Edward Scissorhands (1990)
|Writers:||Tim Burton, Caroline Thompson|
|Released:||Friday, December 7, 1990|
|Rating:||Some material may be inappropriate for children under 13.|
A suburban fairy tale with incredibly imaginative sets, an Avon lady, Peg Boggs (Dianne Wiest), discovers the half-finished experiment--a man/monster named Edward (Johnny Depp)--of a mad scientist (played magically by (Vincent Price) living in the neighborhood's old abandoned castle. The scientist died before replacing the shy man's large shears with real hands. When Peg attempts to bring Edward into her suburban world, to live among her skeptical family (husband Alan Arkin) and daughter Winona Ryder) and gossipy neighbors, his hands--dangerous yet capable of creating things of great beauty--make for some awkward, funny, and poignant situations: Edward as a topiary gardener, Edward as a cutting-edge hair stylist. EDWARD SCISSORHANDS is a story about tolerance, difference, and creativity as much as it is a story of a young man's coming of age (the young man in question is, of course, a monster). In the ironically surreal world of Edward's suburban community, he must try to find his place in it, and in the world at large.
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Edward Scissorhands Blu-ray Review
Twenty-five years ago, the world fell in love with the awkward man known as Edward Scissorhands (Johnny Depp; Pirates of the Caribbean). As a man-made creature with a heart, but an unfinished body, he captured our imaginations. He embodied shy innocence and unique inquisitiveness that made audiences view the world through a whole new set of eyes. And as a talented and creative sole, he mesmerized his new neighbors with a mix of awe and apprehension.
Edward Scissorhands was created by an inventor who was tired of living alone in his castle on the outskirts of town. As he yearned for an heir, he literally pieced together a person he could "raise" and love. However, before he could finish the being, he died leaving poor Edward to live in seclusion, isolated from human interaction with scissors for hands. When Avon lady Peg (Dianne Wiest; The Odd Life of Timothy Green) comes calling, and finds the creation, she decides to bring him home and help him acclimate to society.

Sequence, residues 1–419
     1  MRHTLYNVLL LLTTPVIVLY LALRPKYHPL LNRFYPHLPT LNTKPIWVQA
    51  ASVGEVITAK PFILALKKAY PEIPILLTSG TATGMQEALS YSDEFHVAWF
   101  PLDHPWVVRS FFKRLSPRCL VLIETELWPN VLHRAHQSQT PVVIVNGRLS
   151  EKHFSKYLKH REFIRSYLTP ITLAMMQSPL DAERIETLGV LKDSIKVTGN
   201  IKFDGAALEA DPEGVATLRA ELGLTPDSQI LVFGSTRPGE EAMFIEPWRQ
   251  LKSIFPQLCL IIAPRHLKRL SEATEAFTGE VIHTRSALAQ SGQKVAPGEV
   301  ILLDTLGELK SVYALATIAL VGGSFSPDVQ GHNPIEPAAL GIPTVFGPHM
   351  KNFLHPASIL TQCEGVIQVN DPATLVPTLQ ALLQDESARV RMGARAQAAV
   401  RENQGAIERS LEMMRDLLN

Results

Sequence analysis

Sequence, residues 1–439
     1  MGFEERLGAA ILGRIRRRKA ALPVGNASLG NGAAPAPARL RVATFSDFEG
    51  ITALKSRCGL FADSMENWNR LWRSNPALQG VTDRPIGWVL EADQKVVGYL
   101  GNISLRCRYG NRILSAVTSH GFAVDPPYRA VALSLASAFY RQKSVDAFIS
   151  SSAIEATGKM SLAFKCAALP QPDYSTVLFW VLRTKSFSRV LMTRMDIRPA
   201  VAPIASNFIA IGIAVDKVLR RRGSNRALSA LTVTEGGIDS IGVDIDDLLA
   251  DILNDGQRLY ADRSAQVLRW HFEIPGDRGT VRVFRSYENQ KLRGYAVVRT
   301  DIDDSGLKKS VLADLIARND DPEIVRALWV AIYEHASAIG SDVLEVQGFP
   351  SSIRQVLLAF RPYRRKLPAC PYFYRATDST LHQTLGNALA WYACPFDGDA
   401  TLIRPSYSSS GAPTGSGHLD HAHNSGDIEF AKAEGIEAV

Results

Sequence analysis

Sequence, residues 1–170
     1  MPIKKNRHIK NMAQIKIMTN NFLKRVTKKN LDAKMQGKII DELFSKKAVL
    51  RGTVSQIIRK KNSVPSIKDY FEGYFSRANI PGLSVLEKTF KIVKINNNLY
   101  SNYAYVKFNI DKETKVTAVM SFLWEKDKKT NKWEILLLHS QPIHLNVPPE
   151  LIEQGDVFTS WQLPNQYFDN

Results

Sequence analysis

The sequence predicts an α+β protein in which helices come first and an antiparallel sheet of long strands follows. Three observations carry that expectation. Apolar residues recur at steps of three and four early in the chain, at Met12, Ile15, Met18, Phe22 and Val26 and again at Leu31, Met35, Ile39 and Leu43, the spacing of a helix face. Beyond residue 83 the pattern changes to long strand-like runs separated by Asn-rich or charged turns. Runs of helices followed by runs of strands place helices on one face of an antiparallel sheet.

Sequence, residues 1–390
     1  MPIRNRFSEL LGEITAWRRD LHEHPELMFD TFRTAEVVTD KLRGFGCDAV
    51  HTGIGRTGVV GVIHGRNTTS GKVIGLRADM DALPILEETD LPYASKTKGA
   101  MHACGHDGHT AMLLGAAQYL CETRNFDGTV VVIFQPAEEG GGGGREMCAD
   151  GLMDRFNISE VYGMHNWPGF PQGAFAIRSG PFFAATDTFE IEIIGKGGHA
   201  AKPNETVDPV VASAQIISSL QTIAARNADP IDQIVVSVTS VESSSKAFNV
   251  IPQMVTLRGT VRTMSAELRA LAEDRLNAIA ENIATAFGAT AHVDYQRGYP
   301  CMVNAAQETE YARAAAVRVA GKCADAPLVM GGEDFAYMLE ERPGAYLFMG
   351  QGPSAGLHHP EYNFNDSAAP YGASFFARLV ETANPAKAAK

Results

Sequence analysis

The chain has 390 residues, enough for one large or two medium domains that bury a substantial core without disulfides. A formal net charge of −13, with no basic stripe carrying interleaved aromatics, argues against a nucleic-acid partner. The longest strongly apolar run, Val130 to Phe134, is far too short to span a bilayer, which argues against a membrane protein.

Like the more recent Captain Jack Sparrow, Scissorhands is one of Depp's most beloved and iconic characters. He plays the role with great depth while uttering very few actual words. He says more with his expressions than most people do in a 10 minute dialogue. He is masterful to watch and commands the viewer's attention at all times.
Wiest and Alan Arkin (Argo) are delightful as the typical mid- 1900's couple who take Edward into their home, and Kathy Baker (Picket Fences) is humorous as she portrays the stereotypical campy, nosey, housewife looking for a bit of excitement. Winona Rider (Heathers) is Peg's teenage daughter who needs time to appreciate Edward and his special gifts. Of all the cast, I think she has my least favorite performance, with the momentary exception when she displays awe and wonderment as Edward makes snow from an ice sculpture.
The Blu-ray 1080p video quality is exceptionally good for a film that was made in 1990. The colors spread out over the full spectrum of hues and the picture quality is sharp. The DTS-HD 4.0 Master audio is good and doesn't distract at all from the picture.
There are very few extras on the special edition Blu-ray, which is a little surprising for a 25th anniversary edition. The features include the theatrical trailer and a "making of" that is interesting enough, if not on the short side.
It's difficult to believe this film premiered 25 years ago, but this anniversary edition allows older audiences to introduce a new generation to the gentle, childlike Scissorhands while teaching a lesson on accepting those who are different. The script, and Depp's performance, make this movie a must own and watching it again gave me a wonderful stroll down memory lane that left me with a warm feeling.
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